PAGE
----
Rosmah Mansor
روسمه منصور
Rosmah in 2010
Spouse of the Prime Minister of Malaysia
In role
3 April 2009 – 9 May 2018
MonarchsMizan Zainal Abidin
Abdul Halim
Muhammad V
Prime MinisterNajib Razak
Preceded byJeanne Abdullah
Succeeded bySiti Hasmah Mohamad Ali
Spouse of the Deputy Prime Minister of Malaysia
In role
7 January 2003 – 3 April 2009
MonarchsSirajuddin
Mizan Zainal Abidin
Prime MinisterAbdullah Ahmad Badawi
Deputy Prime MinisterNajib Razak
Preceded byEndon Mahmood
Succeeded byNoorainee Abdul Rahman
Chancellor of University of Selangor
In office
February 2006 – February 2011
Preceded byPosition established
Succeeded byRaja Tan Sri Dato' Seri Arshad bin Raja Tun Uda
Personal details
Born
Rosmah binti Mansor

(1951-12-10) 10 December 1951 (age 72)
Kuala Pilah, Negeri Sembilan, Federation of Malaya (now Malaysia)
Spouse(s)Abdul Aziz Nong Chik (div.
Najib Razak (m. 1987)
Children4 (including Riza Aziz)
EducationKolej Tunku Kurshiah
Alma mater

Rosmah binti Mansor (Jawi: روسمه بنت منصور; born 10 December 1951) is the second wife of former Prime Minister of Malaysia, Najib Razak. Like her husband, she was implicated in the 1Malaysia Development Berhad scandal (1MDB). On 1 September 2022, she was found guilty of corruption in relation to a school electricity project, fined $303m and sentenced to ten years imprisonment.[1][2]

Early life and education

Rosmah received her secondary education at Kolej Tunku Kurshiah, Negeri Sembilan.[3]

Personal life

Rosmah and her husband Najib in 2009

Rosmah was formerly married to Abdul Aziz Nong Chik. They have two children, Riza Aziz and Azrene Soraya. In 1987, she married Najib Razak and they have two children, Nooryana Najwa and Mohd Norashman, and have amassed a huge amount of wealth, which Rosmah claimed to have saved since childhood.[4][5]

Corruption

1MDB scandal

Main article: 1Malaysia Development Berhad scandal

Rosmah and her husband's lavish lifestyle and extravagant purchases[6] while Najib Razak was in power caused anger among the citizens in Malaysia.[7][8] Following her husband's loss in the Malaysian 14th general election, the couple were under investigation into the 1Malaysia Development Berhad (1MDB) scandal, in which over USD$7.5 billion went missing from the fund.[9]

On 12 May 2018, three days after her husband and then incumbent prime minister lost the general election, a flight manifest named Najib and Rosmah as passengers of a private jet scheduled to leave from an airport near Kuala Lumpur for Halim Perdanakusuma International Airport in Jakarta.[10] In response, the Immigration Department, upon the orders of Prime Minister Mahathir Mohamad, imposed a travel ban on Rosmah and her husband, barring their exit from the country.[11][12][13]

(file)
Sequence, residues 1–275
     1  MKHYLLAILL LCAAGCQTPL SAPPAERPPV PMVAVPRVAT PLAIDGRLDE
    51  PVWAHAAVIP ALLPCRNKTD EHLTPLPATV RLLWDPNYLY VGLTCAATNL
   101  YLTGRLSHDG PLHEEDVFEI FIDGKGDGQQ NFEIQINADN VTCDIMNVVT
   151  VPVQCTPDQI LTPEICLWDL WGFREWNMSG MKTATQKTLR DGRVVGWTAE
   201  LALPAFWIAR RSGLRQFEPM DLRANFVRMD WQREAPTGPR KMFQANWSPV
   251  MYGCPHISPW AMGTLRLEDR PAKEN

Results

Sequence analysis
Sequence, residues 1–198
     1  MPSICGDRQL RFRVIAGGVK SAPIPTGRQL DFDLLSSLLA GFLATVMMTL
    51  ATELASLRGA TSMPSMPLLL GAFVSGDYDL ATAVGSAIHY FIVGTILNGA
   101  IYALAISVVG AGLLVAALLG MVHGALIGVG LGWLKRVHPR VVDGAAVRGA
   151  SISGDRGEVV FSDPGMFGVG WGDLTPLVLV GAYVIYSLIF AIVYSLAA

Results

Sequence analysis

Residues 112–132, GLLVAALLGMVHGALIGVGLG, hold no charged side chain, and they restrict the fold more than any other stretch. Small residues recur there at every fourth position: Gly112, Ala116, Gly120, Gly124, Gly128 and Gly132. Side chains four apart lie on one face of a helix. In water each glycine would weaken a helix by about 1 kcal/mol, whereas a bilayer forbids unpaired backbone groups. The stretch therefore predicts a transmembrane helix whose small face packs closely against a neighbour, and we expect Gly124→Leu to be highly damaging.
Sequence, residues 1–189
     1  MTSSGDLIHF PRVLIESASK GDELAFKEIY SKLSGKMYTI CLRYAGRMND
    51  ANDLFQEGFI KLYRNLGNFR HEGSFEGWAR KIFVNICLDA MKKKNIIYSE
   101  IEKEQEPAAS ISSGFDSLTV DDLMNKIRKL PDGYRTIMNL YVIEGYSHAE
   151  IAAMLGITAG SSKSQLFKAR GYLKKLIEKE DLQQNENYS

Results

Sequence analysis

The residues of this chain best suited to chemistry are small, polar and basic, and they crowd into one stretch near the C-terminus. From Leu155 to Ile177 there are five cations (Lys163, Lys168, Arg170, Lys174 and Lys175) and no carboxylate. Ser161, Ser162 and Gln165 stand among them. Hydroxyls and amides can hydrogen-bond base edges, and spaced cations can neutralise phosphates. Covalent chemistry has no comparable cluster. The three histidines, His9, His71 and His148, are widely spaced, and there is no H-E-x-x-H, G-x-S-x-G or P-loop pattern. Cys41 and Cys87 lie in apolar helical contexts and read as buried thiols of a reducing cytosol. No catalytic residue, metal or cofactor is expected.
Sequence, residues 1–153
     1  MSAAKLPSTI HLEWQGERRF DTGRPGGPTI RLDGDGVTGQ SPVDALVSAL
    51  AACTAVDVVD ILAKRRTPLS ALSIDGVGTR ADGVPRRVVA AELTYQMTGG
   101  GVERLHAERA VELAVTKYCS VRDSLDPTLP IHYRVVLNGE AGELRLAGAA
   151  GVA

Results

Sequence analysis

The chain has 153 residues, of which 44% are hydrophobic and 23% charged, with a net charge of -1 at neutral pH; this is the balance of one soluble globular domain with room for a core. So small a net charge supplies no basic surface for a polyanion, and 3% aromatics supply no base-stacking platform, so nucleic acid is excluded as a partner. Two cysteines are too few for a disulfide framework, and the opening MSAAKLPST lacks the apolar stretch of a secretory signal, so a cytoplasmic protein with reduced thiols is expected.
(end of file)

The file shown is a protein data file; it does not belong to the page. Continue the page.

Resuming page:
Since 16 May 2018, the Malaysian police have searched six properties linked to Rosmah and Najib as part of the investigation into the 1MDB scandal. Malaysian police seized 284 boxes filled with designer handbags, 72 large luggage bags containing cash in multiple currencies, and other valuables. The Malaysian police commissioner confirmed that the police seized goods with an estimated value of between US$223 and US$273 million.[14][15] The police described it as the biggest seizure in Malaysian history.[16]

A breakdown of the items seized included:

Rosmah had been summoned three times by the Malaysian Anti-Corruption Commission (MACC) to assist an investigation into the alleged misappropriation of money banked into her husband's account tied to the 1MDB scandal. The first was on 5 June 2018, where she was questioned for 5 hours; the second on 26 September 2018 for 13 hours; and the third was on 3 October 2018,[18][19] which led to her arrest on the same day.[20]

On 4 October 2018, Rosmah pleaded not guilty to 17 charges of money laundering involving about MYR7mil at the Sessions Court under the Anti-Money Laundering, Anti-Terrorism and Financing and Proceeds of Unlawful Activities Act. The court set MYR2 million bail and ordered that she surrender her passport and not to approach any of the witnesses.[21][22][23]

Lawsuit by Global Royalty Trading SAL

On 26 June 2018, Global Royalty Trading SAL, a jewellery firm based in Lebanon, filed a suit against Rosmah over a jewellery consignment. It alleged that the jewellery delivered to Rosmah on 10 February 2018 were for her to evaluate and thereafter purchase those she selected, and to return the remaining. On 22 May 2018, Rosmah had acknowledged receipt of the jewellery but in her statement claims that the items were no longer with her as they had been seized by the authorities. Global Royalty said if the items were unrecoverable in full or in part, Rosmah would be held liable to pay the full cost.[24][25]

Since the jewellery were confiscated as part of 1MDB investigation, the Malaysian government intervened in the lawsuit by a Lebanese jeweller against her. The case began hearing on 27 July 2018.[26]

In its statement of claim, Global Royalty Trading SAL alleged that Rosmah was a long-standing customer and that it would send consignments of jewellery to her on her demand.[27] The news created more resentment by Malaysians questioning how the wife of ex-Malaysian Prime Minister could afford to buy even one of the cheapest items on the list.[28]

Then-Finance Minister Lim Guan Eng said that the delivery by Global Royalty Trading SAL of 44 pieces of jewellery linked to Rosmah Mansor were not declared to the Customs Department, as they should have been for any import of valuable goods into Malaysia.[29] Undeclared imports were not permitted, and as a result, the jewellery could be seized.[30]

On 25 May 2022, the High Court was told that Lebanese jewellery company Global Royalty Trading SAL and Rosmah were staking claim on a US$220,000 white gold diamond bracelet which was then stored in Bank Negara Malaysia’s (BNM) vaults.[31][32][33]

Claims by Adi Hasan AlFardan Jewellery